To Stem Lateral Movement, Firms Are Adding Clawback Clauses in Partnership Agreements

As law firms face mounting pressure from the talent wars, many are attaching strings to their partnership agreements in order to protect their partnerships and forestall lateral departures in a high-demand market.

Since January, three Am Law 30 firms have incorporated clawback provisions into their partnership agreements that make it more difficult for a partner to leave, according to legal recruiter Larry Watanabe.

These agreements “will impact the complexion of the market, as firms try to retain laterals more aggressively than ever,” Watanabe says.

Such arrangements could allow firms to go after bonus payments in 2022, he says. For instance, a partner with a $1 million compensation plan could be entitled to a bonus of up to $5 million expressed in January, but paid in April or the summer.

Other firms are strengthening clawback provisions, which have proven difficult to enforce in the past, with other financial tools such as forgivable loans that allow for more incremental payments to partners and mitigate some of the risks of going after money that has already left a firm’s bank account.

As firms deploy these tools, law firm partners are increasingly leaving money on the table, according to one Am Law 100 partner, who agreed to speak on the condition of anonymity. Because of these newer models, “if you are not employed on the day your bonus pays out, you won’t ever get it,” the partner explains.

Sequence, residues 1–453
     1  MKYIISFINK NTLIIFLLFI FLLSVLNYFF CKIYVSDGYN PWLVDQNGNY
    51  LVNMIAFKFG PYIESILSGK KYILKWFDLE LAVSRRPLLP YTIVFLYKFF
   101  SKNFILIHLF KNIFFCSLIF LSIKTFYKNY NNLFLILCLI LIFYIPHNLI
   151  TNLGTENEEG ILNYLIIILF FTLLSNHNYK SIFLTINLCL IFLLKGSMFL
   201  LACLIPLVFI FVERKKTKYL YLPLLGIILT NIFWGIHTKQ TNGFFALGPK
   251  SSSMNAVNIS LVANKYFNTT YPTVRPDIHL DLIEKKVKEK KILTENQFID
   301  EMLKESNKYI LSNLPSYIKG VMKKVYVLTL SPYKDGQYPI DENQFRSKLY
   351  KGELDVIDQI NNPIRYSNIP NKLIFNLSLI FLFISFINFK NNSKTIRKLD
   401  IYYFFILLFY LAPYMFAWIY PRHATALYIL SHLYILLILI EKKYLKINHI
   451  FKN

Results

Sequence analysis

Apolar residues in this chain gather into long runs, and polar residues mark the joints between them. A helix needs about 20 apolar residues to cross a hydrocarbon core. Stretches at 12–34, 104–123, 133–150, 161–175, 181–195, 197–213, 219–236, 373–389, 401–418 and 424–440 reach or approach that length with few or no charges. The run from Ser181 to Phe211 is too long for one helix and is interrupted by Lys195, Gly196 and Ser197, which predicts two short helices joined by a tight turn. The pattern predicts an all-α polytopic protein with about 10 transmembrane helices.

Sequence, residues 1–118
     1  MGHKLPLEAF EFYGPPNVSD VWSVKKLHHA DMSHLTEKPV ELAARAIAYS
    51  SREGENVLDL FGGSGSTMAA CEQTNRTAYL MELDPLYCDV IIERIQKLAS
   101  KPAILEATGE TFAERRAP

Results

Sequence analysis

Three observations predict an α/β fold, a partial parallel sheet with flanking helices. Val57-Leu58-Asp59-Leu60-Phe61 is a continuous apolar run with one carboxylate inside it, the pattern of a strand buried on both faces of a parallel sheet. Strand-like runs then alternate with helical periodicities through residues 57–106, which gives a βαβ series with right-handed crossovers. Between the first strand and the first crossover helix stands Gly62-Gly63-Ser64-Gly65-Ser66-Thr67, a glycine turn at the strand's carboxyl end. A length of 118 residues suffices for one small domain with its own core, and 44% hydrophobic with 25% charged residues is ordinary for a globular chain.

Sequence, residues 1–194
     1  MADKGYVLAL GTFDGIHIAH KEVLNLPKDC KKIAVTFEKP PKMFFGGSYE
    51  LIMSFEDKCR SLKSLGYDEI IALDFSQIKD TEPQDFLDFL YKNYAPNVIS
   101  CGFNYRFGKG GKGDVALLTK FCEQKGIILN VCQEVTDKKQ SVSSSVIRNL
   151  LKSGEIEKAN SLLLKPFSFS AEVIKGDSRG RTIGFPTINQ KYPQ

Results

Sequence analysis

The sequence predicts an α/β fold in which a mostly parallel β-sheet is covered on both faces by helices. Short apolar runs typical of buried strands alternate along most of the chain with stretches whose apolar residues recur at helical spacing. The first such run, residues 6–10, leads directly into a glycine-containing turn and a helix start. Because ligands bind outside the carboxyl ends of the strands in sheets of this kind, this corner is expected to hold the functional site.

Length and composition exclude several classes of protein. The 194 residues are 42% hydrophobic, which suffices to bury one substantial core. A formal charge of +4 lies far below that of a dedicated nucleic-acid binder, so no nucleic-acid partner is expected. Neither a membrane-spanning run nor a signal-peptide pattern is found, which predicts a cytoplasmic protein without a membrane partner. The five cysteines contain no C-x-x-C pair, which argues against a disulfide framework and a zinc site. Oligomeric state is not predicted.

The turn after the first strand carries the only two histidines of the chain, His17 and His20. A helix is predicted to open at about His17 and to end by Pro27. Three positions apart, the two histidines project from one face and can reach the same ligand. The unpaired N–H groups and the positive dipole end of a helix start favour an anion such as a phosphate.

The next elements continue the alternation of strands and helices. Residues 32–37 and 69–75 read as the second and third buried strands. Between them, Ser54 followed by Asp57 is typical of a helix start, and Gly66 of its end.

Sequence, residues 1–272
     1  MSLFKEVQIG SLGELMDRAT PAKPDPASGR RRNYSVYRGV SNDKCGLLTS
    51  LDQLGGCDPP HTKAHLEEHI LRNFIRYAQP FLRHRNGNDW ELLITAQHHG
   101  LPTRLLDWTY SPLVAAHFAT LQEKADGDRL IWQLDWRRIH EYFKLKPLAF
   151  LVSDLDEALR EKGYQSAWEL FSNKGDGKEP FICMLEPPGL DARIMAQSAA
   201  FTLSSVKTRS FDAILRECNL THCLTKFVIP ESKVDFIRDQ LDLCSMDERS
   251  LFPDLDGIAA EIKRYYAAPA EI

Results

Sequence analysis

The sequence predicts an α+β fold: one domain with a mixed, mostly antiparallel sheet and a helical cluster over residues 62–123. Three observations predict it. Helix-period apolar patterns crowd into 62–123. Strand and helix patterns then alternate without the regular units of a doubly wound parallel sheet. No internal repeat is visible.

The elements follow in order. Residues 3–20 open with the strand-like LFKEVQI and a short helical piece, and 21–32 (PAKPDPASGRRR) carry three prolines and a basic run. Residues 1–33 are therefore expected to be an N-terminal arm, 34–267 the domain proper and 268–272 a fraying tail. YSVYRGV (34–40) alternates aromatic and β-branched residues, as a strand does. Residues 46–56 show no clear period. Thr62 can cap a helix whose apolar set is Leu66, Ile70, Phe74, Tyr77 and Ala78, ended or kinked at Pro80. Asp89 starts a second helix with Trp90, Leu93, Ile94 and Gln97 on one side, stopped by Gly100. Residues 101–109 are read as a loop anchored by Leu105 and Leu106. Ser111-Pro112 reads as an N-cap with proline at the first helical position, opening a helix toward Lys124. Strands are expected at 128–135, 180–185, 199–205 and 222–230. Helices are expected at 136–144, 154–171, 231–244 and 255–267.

“The obvious difficulty there is that you’ve already worked for five to six months out of the year, and your bonus is based on work you’ve already performed. That puts you on a cycle where you’ll always walk away from something,” the partner says.

Mounting Risks

The strategy of using clawbacks reflects a bigger problem, as firm leaders desperately look to stave off lateral departures and hold onto business generators.

“Because of lateral movement in the past two decades, law firms are worried about golden handcuffs. It was much less of a problem 20 years ago, by a material margin, because firms simply didn’t have to worry about partners getting up and taking their practice elsewhere,” says Kristin Stark, a legal consultant at Fairfax Associates.